Tuesday, September 28, 2010

Juli's Wheels -- Lace 'em up!

Last night was what I suppose I'd consider the "big day" in my wheelbuilding class at Broadway Bicycle school -- I laced both of the hubs into the rims!

Now, on the scale of human achievement, this isn't really all that big a deal. Millions of spoked wheels are produced worldwide each year, after all. But these two are my first, and may well be my last, so I'm going to savor the experience.

So what'd I do? Well, I started with several sets of components -- two Velo-Orange Diagonale 650B rims (so shiny and pretty), a pair of sturdy old Specialized sealed bearing hubs (not shiny or pretty, but stout and bulletproof), fifty-two 276mm stainless spokes for the front and non-drive-side rear, eighteen 274mm spokes for the drive side rear, a GladWare tub full of chromed brass nipples and two different colors of Spoke Prep, which is a type of thread locking compound. Then Dave led the class through the process of lacing up the wheels.

The first step was to smear Spoke Prep on the threaded ends of the spokes. The two different colors were to distinguish the spoke lengths -- the long ones got the taupe-colored spoke prep, and the short ones got the baby blue. Using two different colors would ensure that we wouldn't use the wrong spokes in the wrong places. Except when we (I, really) did.

Spokes prepped, the lacing began. Dave gave us some tips on how to show some deliberation about the details of the wheel. Stuff like making the logo on the hub body line up radially with the valve stem hole on the rim. And making sure the valve stem hole fell in the right place within the spoke pattern, to make sure it would be easy to get a pump head onto the valve stem. Or making the labels on both rims readable from the drive side of the bike. Stuff like that, both functional and aesthetic.

Those things in mind, we started lacing. Which really means threading spokes through the holes in the hub, and running them outward to the holes in the rim, then securing them with a nipple. It wasn't as hard as I expected it to be. Really, it was pretty simple -- just a matter of knowing where to start, which spokes to thread next, and which holes to run them to, given the desired spoke pattern (three-cross, in this case, which means that each spoke crosses three other spokes on the way to the rim).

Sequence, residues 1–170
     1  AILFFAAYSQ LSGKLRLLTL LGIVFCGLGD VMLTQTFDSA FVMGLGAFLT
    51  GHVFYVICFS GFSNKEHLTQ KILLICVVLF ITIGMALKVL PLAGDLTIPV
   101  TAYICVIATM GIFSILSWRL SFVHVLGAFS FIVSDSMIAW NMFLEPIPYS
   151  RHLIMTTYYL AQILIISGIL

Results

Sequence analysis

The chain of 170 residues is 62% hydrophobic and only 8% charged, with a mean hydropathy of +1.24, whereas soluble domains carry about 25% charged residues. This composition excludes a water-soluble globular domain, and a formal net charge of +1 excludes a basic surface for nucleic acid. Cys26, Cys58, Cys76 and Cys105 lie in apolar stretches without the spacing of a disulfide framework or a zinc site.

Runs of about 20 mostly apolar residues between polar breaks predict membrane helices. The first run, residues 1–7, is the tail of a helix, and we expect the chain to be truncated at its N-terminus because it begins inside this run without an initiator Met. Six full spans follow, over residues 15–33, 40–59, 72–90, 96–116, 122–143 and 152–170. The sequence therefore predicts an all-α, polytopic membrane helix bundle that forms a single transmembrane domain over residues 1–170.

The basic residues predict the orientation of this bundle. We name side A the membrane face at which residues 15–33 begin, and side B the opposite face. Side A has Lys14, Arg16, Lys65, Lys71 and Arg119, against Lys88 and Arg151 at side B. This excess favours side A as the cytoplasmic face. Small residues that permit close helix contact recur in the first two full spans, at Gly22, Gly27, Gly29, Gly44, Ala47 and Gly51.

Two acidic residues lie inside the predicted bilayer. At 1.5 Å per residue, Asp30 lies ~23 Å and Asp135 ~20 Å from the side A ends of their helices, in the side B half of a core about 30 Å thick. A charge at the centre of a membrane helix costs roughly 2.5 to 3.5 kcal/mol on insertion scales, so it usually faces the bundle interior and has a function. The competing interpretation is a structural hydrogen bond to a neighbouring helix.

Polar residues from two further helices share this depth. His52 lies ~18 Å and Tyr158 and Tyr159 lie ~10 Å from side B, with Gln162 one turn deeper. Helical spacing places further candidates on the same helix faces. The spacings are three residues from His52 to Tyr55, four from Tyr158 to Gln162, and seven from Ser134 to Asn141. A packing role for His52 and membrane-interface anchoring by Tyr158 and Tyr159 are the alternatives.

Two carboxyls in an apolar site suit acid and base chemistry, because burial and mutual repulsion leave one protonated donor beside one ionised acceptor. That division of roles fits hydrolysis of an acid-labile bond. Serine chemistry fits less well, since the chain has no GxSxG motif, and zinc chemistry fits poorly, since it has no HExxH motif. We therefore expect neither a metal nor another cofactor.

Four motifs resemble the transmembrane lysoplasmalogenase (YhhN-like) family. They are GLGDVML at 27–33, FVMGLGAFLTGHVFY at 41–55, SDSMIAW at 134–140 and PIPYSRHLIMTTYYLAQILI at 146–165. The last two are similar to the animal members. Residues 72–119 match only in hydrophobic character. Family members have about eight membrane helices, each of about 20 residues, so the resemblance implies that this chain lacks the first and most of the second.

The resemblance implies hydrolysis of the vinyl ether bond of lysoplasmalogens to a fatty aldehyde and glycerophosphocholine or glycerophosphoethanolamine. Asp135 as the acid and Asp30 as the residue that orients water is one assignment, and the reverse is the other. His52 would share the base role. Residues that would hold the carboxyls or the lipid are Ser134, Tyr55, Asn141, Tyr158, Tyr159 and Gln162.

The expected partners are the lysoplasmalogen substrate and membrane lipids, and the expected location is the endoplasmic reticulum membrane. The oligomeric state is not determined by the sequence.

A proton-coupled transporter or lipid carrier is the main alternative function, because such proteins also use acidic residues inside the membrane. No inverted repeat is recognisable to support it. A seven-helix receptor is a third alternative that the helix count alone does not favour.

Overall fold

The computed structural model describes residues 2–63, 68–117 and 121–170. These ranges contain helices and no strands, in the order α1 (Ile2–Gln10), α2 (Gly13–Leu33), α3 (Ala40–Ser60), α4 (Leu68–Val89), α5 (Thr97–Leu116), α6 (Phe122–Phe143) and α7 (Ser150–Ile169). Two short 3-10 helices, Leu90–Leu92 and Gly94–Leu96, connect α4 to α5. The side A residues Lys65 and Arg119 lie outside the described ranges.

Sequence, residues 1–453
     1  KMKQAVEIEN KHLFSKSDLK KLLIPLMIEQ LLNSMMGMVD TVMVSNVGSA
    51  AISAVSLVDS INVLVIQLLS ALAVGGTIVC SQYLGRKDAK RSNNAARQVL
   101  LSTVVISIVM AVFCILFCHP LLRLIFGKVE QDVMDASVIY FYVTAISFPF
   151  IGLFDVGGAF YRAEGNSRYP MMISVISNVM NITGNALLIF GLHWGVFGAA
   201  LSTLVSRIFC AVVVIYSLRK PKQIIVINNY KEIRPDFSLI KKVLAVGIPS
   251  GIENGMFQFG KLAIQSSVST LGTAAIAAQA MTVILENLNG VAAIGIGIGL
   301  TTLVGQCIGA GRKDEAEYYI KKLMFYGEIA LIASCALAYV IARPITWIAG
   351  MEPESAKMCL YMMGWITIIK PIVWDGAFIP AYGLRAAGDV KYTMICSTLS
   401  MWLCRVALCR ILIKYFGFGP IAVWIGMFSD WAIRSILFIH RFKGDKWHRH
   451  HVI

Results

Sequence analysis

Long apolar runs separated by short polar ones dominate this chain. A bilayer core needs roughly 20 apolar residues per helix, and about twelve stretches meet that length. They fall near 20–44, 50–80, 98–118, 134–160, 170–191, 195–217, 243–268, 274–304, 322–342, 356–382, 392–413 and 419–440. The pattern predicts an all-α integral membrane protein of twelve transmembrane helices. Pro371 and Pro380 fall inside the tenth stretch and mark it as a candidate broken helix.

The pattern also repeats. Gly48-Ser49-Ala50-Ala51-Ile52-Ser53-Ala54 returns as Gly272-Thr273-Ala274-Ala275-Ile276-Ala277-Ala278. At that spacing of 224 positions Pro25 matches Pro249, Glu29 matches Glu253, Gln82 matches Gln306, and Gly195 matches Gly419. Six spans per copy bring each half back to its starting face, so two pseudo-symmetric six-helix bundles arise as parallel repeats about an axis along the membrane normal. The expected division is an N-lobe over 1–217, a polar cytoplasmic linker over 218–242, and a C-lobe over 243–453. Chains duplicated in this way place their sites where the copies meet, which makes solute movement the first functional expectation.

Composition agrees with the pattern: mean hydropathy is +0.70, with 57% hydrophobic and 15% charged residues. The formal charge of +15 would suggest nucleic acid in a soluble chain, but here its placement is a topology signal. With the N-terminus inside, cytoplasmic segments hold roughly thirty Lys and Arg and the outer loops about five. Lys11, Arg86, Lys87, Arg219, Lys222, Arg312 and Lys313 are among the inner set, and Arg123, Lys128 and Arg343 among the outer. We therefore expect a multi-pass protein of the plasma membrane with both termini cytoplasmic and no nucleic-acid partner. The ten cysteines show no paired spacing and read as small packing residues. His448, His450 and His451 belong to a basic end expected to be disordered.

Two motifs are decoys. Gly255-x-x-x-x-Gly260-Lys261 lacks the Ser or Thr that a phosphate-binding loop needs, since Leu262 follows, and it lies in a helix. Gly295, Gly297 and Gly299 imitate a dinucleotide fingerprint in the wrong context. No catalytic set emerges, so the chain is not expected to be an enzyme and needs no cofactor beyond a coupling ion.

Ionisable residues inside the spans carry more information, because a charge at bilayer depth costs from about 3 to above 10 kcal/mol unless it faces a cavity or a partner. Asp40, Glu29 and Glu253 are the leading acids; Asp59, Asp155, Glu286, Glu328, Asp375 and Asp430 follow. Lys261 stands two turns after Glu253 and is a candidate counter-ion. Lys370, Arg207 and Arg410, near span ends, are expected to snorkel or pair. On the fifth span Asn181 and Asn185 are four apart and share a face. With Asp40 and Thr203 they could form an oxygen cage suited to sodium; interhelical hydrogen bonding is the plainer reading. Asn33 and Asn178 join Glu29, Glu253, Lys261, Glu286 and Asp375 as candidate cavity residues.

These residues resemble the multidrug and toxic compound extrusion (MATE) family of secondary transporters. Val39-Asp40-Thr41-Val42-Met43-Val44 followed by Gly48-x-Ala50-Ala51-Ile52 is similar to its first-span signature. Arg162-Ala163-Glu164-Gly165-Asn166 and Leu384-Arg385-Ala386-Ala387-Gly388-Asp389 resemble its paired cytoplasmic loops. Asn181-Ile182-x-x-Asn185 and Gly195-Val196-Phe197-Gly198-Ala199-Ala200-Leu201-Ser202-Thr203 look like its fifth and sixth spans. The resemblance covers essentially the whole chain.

I did make some mistakes, though. I was feeling pretty chatty, and at one point I realized I was using short spokes on the non-drive side, and I had to take like 6 spokes out of the wheel, and replace them with the longer ones. Then another time, I realized I was working sort of backwards, and had to take another 8 spokes out, twist the hub a bit, and then re-lace those 8 spokes again in a different direction. It could have been worse -- I caught both mistakes myself, and Dave was right at hand to offer course correction.

In the two hours of class, I managed to get both of my wheels laced, so I'll be in good shape to start the next steps. They are still pretty floppy, and there's still quite a bit of work left to go. I have to make sure they're dished right, which will result in the rim being centered between the outer lock nuts on the hub -- necessary if you want your rims to sit smack-dab between your brake shoes, which most of us do. Then they have to be round, with the axle sitting dead-center of the rim's circle, which I think most of us would intuit the importance of. And they have to be true, so they don't wobble like a potato chip while they turn. And perhaps least obviously, they should have even spoke tension across each side of each wheel, so that the wheel isn't overly stressed at any given point, which would lead to their prematurely getting out of whack.

So the dramatic part is done -- the part that makes it look like I actually did something. But the hard work -- the meticulous and frustrating work of making the wheels right and usable -- is still to come.  One of the wheels is pictured above, sitting at a bench at Broadway Bicycle School -- can't tell which it is.  You can see it pretty much looks like a wheel.  But the spokes are slack, and the wheels unusable as a result -- you can tell because the spokes are curved, not straight (they're not under much tension).

I hope Juli will be impressed by the final results, and treasure these, her father's first (and possibly only) wheels. If she doesn't, that's OK -- I will. And I won't remind her of all my hard work before every ride, I promise. I'm having too much fun to play that card.

All for now,


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